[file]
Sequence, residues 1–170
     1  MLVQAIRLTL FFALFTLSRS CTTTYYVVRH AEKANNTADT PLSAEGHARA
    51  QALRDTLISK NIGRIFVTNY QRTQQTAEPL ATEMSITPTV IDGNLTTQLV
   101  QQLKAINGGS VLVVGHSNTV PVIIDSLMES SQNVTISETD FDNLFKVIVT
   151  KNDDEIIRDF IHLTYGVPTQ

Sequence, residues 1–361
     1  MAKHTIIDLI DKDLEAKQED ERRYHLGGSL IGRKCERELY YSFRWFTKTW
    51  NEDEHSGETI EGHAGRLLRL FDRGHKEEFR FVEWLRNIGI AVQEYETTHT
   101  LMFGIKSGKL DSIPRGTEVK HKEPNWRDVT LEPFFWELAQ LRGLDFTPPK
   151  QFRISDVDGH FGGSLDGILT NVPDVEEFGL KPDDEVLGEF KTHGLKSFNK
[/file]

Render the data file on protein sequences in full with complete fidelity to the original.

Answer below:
Sequence, residues 1–170
     1  MLVQAIRLTL FFALFTLSRS CTTTYYVVRH AEKANNTADT PLSAEGHARA
    51  QALRDTLISK NIGRIFVTNY QRTQQTAEPL ATEMSITPTV IDGNLTTQLV
   101  QQLKAINGGS VLVVGHSNTV PVIIDSLMES SQNVTISETD FDNLFKVIVT
   151  KNDDEIIRDF IHLTYGVPTQ

Sequence, residues 1–361
     1  MAKHTIIDLI DKDLEAKQED ERRYHLGGSL IGRKCERELY YSFRWFTKTW
    51  NEDEHSGETI EGHAGRLLRL FDRGHKEEFR FVEWLRNIGI AVQEYETTHT
   101  LMFGIKSGKL DSIPRGTEVK HKEPNWRDVT LEPFFWELAQ LRGLDFTPPK
   151  QFRISDVDGH FGGSLDGILT NVPDVEEFGL KPDDEVLGEF KTHGLKSFNK